Diagram 2: Assets Pentagon
G Extended family intrinsic to the functioning of the farm: childcare, unpaid labour, social activities. Often live with or next to parents and care of one another the accepted norm G Can be isolated from society, although women less so as they tend to be involved in village, church and school activities. G Women often seek off farm employment – can open up new social opportunities G Men - depends upon workload but tend to socialise on market days, sometimes go to the pub or NFU meetings.
G Soil: thin and not the best quality G Landscape and views: fortunate to live in such a nice environment, although can mean remoteness from services and isolation. Can bring financial rewards if diversified into tourism, if not can be an inconvenience as it attracts too many tourists. Can offer opportunities to enter environmental schemes G Wildlife: see more wildlife than most people ever get to see G Fresh air: no air pollution here G Rainfall: essential but too much at the wrong time can cause delays in farming operations and loss of income G Wind: perhaps a source of energy, planning laws permitting
G Health: important but have to carry on regardless G Ability to do manual work G Mental health issues and stress particularly in bad times G Skills: running a business, women tend to have good administrative skills. Tend to underestimate their skills and think they are only good at farming as that is all they have done. Resourcefulness in overcoming problems. Stoicism - usually able to take a long term view when faced with difficulties G Children may use their education to move out of farming G High self esteem – proud G Relationship breakdown uncommon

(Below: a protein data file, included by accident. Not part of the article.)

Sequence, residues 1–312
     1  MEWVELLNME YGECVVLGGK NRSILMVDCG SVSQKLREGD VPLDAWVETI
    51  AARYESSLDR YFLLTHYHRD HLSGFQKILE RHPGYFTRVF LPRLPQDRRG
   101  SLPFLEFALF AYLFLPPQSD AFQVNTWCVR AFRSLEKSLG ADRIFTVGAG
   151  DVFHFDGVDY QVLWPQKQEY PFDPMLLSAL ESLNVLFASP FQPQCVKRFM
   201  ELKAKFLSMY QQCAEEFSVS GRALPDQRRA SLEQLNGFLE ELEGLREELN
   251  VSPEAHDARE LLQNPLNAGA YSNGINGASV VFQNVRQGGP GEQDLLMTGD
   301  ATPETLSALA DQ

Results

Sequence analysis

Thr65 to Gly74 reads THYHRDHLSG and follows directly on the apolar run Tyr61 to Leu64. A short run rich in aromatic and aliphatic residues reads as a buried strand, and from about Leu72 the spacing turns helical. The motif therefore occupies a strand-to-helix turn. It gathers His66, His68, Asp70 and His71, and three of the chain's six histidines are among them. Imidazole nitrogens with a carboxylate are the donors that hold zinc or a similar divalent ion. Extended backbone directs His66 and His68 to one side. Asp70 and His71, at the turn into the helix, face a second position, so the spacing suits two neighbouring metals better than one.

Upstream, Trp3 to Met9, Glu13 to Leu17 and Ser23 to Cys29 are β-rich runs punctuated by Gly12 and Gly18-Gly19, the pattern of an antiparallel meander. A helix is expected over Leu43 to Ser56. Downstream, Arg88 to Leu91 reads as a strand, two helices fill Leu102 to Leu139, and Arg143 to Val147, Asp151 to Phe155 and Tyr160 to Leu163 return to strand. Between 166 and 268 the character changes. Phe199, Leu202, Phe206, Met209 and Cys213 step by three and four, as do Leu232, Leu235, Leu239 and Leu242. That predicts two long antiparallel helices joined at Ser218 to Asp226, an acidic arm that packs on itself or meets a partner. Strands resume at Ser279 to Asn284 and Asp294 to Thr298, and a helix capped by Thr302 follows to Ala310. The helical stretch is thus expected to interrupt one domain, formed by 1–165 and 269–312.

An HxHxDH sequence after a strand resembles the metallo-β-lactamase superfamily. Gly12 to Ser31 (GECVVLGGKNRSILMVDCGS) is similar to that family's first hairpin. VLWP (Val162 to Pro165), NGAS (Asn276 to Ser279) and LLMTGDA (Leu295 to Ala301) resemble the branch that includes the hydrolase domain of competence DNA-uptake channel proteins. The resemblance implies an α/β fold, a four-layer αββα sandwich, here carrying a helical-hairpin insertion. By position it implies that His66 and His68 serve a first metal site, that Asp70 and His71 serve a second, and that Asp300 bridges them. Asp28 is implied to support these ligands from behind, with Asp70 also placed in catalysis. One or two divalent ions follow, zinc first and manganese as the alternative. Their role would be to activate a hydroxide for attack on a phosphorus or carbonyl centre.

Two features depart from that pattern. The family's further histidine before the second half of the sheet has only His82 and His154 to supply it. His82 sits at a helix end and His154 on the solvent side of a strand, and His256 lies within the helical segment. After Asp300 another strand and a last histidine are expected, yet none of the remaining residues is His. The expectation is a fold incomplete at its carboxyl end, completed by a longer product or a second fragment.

G Owner occupiers: high capital assets (land, house, buildings) but this capital is locked up, although can be used as collateral to secure loans. G Land has increased in value G Tenant farmers: pressure to pay the rent G Access to large working overdraft G Turn-over is relatively high but profit margins are so tight there is little available for living expenses. G In higher profit years there is usually machinery in need of replacement G Pension/retirement home: many have not had the funds to make retirement provisions G SLA and environmental scheme payments
G House: usually beautifully situated, but may be mortgaged. Large farmhouses can look desirable but expensive to maintain and heat – usually the farm comes first in terms of time and money G Land: may be mortgaged G Machinery, tools, tractor, car: may be purchased with a loan G Farm buildings: vital for livestock and storage, traditional buildings can have potential for conversion for diversification projects, although usually need considerable investment and planning permission